As I said during that ceremony, “It takes someone special to write a song like this one”, and Jan has done something special here.  I believe Jan’s proposal to run workshops in schools which aim to teach this song and it’s message of thank you and acknowledgment of Country, should be taken up by all schools.  It provides an important way, through music, that we can better understand our place in this land.

Ron Murray – Wamba Wamba
Enquiries & bookings

Wominjeka: The Thank You Workshop – Jan ‘Yarn’ Wositzky at Uluru

The Australian History Show

Australian history incursions: shows & workshops for primary and secondary schools
General Australian History

The Australian History Show

A song & story show that covers a wide range of Australian history topics,
tailored to suit your curriculum focus.

Curriculum
P-6 and secondary
Cost
$5 per student with a minimum of $500 per show
Travel/accom/road toll fees may apply in some locations

Cover illustration of Jan’s book ‘A Fruitcake of Australian Stories’

The Australian History Show                                                                          

In The Australian History Show I sing a variety of old and new Australian songs and tell stories from all periods of Australian history.The exact items will very according to the curriculum focus of the class, but it can be anything from convict ballads, Indigenous songs and stories (with permission) to original contemporary material.

I get students involved in discussion and in singing and playing instruments.  The Australian History Show is entertaining, informative, flexible and fun with lots of student participation in the music and stories.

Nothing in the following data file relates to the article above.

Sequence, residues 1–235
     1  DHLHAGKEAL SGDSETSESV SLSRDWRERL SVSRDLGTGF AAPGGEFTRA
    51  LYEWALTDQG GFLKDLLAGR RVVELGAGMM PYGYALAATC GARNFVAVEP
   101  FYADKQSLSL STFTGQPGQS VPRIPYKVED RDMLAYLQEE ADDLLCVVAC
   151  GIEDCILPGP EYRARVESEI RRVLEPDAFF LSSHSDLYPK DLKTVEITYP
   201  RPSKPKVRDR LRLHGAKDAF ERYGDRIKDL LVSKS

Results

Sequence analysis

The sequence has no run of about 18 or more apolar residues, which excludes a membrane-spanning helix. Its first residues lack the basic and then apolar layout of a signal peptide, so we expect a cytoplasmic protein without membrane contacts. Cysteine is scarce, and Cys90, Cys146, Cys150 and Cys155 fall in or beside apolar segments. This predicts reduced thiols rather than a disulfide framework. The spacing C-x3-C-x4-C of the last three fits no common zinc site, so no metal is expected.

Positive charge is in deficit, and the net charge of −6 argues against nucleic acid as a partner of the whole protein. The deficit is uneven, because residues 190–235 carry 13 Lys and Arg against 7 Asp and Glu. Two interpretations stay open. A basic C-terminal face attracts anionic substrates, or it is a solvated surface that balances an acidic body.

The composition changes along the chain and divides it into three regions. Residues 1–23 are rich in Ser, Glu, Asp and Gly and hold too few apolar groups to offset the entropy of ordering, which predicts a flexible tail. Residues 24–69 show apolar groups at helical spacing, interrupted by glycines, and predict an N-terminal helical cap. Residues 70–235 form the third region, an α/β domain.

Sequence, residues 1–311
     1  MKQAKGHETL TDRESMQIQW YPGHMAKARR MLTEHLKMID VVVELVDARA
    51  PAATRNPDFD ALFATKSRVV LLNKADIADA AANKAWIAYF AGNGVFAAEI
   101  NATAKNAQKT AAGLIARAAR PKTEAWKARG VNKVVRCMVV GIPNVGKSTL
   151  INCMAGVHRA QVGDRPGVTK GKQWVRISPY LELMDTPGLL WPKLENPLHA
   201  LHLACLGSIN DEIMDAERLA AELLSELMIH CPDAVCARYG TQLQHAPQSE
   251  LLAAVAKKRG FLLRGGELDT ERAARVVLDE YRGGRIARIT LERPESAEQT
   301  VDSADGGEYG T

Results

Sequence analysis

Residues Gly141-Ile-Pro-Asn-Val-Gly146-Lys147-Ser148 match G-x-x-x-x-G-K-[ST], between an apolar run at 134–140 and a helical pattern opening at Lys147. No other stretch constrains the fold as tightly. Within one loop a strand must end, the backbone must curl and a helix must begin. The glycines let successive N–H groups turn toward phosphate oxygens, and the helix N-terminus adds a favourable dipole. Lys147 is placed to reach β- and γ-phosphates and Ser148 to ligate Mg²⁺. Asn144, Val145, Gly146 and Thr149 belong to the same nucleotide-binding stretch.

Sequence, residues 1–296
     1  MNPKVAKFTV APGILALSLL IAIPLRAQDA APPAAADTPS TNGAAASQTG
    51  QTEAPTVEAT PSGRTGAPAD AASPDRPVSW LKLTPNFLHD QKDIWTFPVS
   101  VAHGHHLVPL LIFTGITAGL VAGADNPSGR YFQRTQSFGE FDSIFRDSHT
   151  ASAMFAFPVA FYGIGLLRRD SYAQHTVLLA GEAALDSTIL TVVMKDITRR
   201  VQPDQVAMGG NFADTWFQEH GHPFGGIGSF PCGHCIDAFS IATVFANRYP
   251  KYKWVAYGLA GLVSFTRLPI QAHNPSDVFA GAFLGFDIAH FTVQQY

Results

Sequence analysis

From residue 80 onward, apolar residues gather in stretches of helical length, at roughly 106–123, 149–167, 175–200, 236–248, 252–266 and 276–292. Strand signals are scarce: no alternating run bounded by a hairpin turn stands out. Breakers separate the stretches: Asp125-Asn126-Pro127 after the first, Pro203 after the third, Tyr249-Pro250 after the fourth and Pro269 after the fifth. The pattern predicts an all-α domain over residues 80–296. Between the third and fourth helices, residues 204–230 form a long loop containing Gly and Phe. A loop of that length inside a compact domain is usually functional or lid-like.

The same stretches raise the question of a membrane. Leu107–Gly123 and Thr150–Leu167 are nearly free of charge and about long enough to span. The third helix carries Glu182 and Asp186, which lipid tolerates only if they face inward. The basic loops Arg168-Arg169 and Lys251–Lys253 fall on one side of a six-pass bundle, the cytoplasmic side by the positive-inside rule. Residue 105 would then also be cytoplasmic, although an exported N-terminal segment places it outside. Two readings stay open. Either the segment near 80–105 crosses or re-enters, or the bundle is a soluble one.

In the show I play five-string banjo, harmonica, bodhran (Irish drum), ukulele, spoons, rhythm bones and tea-chest bass, and get students playing some of these instruments.

I also use selected props, costumes and artefacts that I’ve collected on my travels – a conch shell that leads to the story of fire; a dog-spike from when I was a fettler on the old Ghan railway line, etc.

The items performed can be general Australian history as described above, or if you wish the focus can be narrowed to certain areas, for example:

  • Black-white history
    Historical stories of first contact, with songs I’ve learnt from Indigenous friends and from events such as the 1966 Gurindji walk-off; excerpts from my theatre shows Whitefella Learns to Dance, The Go-between: William Murrungurk Buckley, Bilarni and CANAKKALE. GALLIPOLI. Lest We Forget; material from radio and television documentaries that I’ve made with Indigenous people, and from my biography with Wardaman elder, Yidumduma Bill Harney.

  • Australians of Significance
    Songs and stories that tell of Capt. Cook (even though he wasn’t Australian) to writers such Henry Lawson; his mother Louis Lawson, also known as the ‘mother of the vote for women’; the female immigrant’s friend, Caroline Chisholme; John Batman, who started the ‘land rush’ to Melbourne; Gough Whitman and Vincent Lingiari who marked the beginning of Australians understanding of Land Rights with the famous photo with the handful of sand; poets Mary Gilmore and CD Dennis, Ned Kelly and more.

  • Colonial Times